The antiquated rear drum brakes and a soft brake-pedal feel are the two biggest complaints when it comes to the Tribute’s performance, and they are noteworthy negatives. Some also find the amount of road noise that leaks into the cabin unacceptable, but that's not a universal complaint.
Shoppers should sit in the Tribute and get their own feel for the cabin layout, because reviews are mixed. Some critics find the control layout ergonomic, the amount and quality of convenience features to be first-rate, and the back seat to be well shaped and comfortable. Others feel the controls are awkwardly placed, the available features only average, and the rear seat to be lacking cushion and support. Clearly it’s a matter of personal taste.
Most reviewers agree that the front seats are comfortable for long or short trips, the interior build quality is impressive, and the cargo room is only so-so. The Tribute has 29.2 cubic feet of cargo space behind the second row and 66.3 cubic feet when the second row is folded flat, a transformation that's more difficult than it should be.
The i Sport trim (both FWD and AWD) comes standard with air conditioning, cruise control (with the automatic transmission only), power accessories, a tilt steering wheel, remote entry, and a four-speaker AM/FM/CD stereo with an auxiliary input jack. The i Touring trims add a six-way power driver’s sear, roof rack with crossbars, retractable cargo cover and a seven-speaker AM/FM stereo with 6-CD changer, speed-sensing automatic volume control, and steering-wheel mounted controls. The Grand Touring trims (both i and s) get a power moonroof, heated front seats, an auto-dimming rearview mirror, illuminated vanity mirrors, leather trimmed seats, a leather-wrapped steering wheel, and a six-month subscription to Sirius Satellite Radio.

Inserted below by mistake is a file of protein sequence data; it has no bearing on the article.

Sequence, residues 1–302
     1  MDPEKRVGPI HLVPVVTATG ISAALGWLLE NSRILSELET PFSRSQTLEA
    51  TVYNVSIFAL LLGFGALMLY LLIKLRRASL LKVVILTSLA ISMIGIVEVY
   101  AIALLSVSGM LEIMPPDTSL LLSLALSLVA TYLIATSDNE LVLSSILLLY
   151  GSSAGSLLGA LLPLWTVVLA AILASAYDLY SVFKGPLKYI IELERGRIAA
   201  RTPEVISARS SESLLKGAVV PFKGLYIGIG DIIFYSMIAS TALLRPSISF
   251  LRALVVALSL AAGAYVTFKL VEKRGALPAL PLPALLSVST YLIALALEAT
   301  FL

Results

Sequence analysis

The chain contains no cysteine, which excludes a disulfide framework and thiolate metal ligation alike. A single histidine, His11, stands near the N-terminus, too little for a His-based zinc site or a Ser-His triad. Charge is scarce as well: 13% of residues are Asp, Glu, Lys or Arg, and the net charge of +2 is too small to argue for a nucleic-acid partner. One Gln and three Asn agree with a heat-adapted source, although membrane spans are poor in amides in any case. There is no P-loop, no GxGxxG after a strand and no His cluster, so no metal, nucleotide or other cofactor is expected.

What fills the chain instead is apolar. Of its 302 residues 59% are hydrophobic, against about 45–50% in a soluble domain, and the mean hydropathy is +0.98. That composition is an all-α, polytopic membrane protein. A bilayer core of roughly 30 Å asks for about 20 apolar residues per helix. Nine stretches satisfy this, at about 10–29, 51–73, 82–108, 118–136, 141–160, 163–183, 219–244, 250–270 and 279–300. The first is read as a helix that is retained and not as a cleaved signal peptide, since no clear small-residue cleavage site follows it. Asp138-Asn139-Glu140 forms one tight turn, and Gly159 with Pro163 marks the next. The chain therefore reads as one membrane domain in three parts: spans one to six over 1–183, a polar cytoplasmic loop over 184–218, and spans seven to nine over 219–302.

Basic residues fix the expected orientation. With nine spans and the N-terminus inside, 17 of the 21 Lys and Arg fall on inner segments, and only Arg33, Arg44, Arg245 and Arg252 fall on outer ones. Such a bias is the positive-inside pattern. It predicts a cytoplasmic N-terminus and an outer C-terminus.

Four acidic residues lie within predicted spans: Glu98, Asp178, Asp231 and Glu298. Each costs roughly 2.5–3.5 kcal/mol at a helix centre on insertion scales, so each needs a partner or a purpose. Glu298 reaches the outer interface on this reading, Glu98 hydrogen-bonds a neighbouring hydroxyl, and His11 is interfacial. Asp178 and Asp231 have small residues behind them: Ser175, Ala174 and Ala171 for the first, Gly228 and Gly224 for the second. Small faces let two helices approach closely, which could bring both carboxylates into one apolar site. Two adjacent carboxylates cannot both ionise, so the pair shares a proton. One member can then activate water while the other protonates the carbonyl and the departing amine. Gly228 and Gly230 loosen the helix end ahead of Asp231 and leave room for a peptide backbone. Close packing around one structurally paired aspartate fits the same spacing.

The Tribute has all the safety features one would want in a family vehicle – Dynamic Stability Control, Traction Control, Roll Stability Control, antilock brakes, front-seat side airbags, full-length side curtain airbags, side-impact door beams, a collapsible steering column, and a tire pressure monitoring system. The Tribute earned five stars in all frontal and side impact crash tests, but it did get just three stars for a rollover rating, which means it has a 20-23 percent chance of rollover, slightly higher than that of the average SUV.
by Tim O'Sullivan
Talk about the 2010 Mazda Tribute
Looking for a Used Tribute in your area?CarGurus has 1,492 nationwide Tribute listings starting at $3,199.
Mazda Tribute Questions
I Have A Mazda Tribute 2010 And Would Like To Know If There Is Suppose To B...
When i drive at night there is no light beside the drive, reverse or park areaa on counsil ....should there be a light to indicate what gear I'm in